But the question is, Will God restore again to man the dominion which he lost through the fall? The prophet said, ''The wolf also shall lie down with the kid; and the calf and the young lion and the fatling together; and a little child shall lead them. And the cow and the bear shall feed; their young ones shall lie down together; and the lion shall eat straw like the ox. And the suckling child shall play on the hole of the asp, and the weaned child shall put his hand on the cocatrice's den. They shall not hurt nor destroy in all My holy mountain: for the earth shall be full of the knowledge of the Lord, as the waters cover the sea" (Isaiah 11:6-9). Indeed, it appears that the prophet here is looking beyond to a time of rescue and restoration of the earth and all of its creatures.

The cruelty of beasts was not the order before sin entered. Such discord among God's creatures has sprung from the sinfulness of man and is a necessary part of the curse. To remove this curse and rescue God's creation is one of the purposes of the Incarnation. When Christ comes back to reign and "the government shall be upon His shoulder" (Isaiah 9:6), then the sons of God will be manifested and will share with Him in a restored creation. If it were not so, then all of animated nature would remain spoiled by Satan. But God has said, "In that day will I make a covenant for them with the beasts of the field, and with the fowls of heaven, and with the creeping things of the ground" (Hosea 2:18). Yes, God will "gather together in one all things in Christ, both which are in heaven, and which are on earth, even in Him'' (Ephesians 1:10). At that day our blessed Lord will "reconcile all things unto Himself' (Colossians 1:20).

Many Christians fail to see that this redemptive work, wrought through the Incarnation of the Son of God, is wider than the salvation of human beings and that it affects the whole creation. The Apostle Paul writes, " For the earnest expectation of the creature waiteth for the manifestation of the sons of God. For the creature was made subject to vanity, not willingly, but by reason of him who hath subjected the same in hope. Because the creature itself also shall be delivered from the bondage of corruption into the glorious liberty of the children of God. For we know that the whole creation groaneth and travaileth in pain together until now. And not only they, but ourselves also, which have the first-fruits of the Spirit, even we ourselves groan within ourselves, waiting for the adoption, to wit, the redemption of our body. (Romans 8:19-23). Here we are told that the deliverance of the whole creation will be revealed at the manifestation of the sons of God.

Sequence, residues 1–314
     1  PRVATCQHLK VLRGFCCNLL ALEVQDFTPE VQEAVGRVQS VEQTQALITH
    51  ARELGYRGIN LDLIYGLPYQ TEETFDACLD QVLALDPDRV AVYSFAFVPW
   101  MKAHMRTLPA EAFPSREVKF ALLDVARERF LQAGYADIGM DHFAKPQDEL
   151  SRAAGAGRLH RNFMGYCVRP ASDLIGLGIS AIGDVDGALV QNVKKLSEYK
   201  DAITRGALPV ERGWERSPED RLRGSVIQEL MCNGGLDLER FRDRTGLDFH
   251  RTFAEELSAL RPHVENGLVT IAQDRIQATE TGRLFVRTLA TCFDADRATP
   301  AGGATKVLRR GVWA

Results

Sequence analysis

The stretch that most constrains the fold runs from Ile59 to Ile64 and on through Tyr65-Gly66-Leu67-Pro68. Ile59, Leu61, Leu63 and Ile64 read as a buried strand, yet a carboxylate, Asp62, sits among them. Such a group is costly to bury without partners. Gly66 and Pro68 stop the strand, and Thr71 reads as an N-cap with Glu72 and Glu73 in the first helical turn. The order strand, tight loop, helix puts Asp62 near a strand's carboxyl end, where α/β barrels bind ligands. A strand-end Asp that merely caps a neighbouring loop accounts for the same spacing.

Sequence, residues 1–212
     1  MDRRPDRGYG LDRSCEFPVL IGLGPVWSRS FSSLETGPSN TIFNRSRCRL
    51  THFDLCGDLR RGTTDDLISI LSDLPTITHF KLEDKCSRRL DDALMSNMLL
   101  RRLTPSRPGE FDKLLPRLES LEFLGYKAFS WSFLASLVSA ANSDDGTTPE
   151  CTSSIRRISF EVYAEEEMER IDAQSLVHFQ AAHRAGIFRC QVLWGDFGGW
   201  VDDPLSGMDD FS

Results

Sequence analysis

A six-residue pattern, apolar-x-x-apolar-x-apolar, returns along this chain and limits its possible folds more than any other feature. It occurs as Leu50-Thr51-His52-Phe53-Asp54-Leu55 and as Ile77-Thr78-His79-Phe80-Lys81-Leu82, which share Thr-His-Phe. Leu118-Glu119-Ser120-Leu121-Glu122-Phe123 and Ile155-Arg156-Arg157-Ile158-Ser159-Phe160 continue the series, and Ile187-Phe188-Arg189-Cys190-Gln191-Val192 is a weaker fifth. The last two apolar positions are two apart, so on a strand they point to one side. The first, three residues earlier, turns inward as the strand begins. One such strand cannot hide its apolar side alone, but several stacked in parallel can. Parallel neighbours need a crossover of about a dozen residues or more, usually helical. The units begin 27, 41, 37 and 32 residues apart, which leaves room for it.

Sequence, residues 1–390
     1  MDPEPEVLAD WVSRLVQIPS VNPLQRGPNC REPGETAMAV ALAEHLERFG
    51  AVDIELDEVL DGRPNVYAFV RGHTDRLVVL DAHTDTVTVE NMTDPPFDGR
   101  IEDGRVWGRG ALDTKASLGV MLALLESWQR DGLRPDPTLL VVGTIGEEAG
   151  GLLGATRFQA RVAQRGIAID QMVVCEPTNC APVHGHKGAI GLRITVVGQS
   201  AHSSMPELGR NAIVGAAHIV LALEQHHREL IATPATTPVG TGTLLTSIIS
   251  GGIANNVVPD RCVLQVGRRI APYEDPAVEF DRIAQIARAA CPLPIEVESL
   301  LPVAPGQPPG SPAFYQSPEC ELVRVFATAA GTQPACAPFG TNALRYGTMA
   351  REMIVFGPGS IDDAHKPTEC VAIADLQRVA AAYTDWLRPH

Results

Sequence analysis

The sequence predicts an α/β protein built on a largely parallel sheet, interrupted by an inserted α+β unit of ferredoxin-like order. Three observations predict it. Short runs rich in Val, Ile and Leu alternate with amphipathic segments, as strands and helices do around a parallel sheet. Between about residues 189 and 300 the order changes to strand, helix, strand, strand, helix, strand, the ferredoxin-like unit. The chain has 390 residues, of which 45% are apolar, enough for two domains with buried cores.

All creation lies in hope (expectancy) of a rescue from present corruption and of deliverance to that place God gave it in the beginning. Nature is now under the curse of sin, groaning and travailing in pain. It is not what it was at first. Nor is it now what it will be when the incarnate Son returns to "put all things in subjection under His feet" (see Hebrews 2:5-9). Before Adam sinned, no savage beasts, no desert wastes, no thorns and thistles existed; but when he fell, all creation fell with him. Now that the Son of God has come and purchased redemption by His death at Calvary, the whole creation must be rescued from the curse, and restored to its original state.


Any reader of the Old Testament cannot escape the clear teaching that the Messiah was promised to Israel. Of this the prophets spoke and wrote. The Jew had great advantages. "Unto them were committed the oracles of God" (Romans 3:2). Theirs was "the adoption, and the glory, and the covenants, and the giving of the law, and the service of God, and the promises" (Romans 9:4). None can deny that from the call of Abraham (Genesis 12:1) to the Babylonian captivity under Nebuchadnezzar (606 B.C.), authority in the earth and divine representation was vested in the Jew. It is common information that since the overthrow of Jerusalem and the transfer of dominion in the earth to the Gentiles, Israel, as a nation, has not held authority in the earth.

When Jesus Christ, the Word, "was made flesh," "He came unto His own, and His own received Him not" (John 1:11, 14). ''His citizens hated Him, and sent a message after Him, saying, We will not have this man to reign over us" (Luke 19:14). In blind unbelief the children of Abraham, refusing to recognize or receive Him, drove Him from their midst and crucified Him. After His resurrection and ascension He revealed to the apostles this mystery. No longer did Israel have priority on the truth, but the message was to be spread abroad to every creature and, during the present dispensation of grace, God would visit the Gentiles to take out of them a people for His name (Acts 15:14).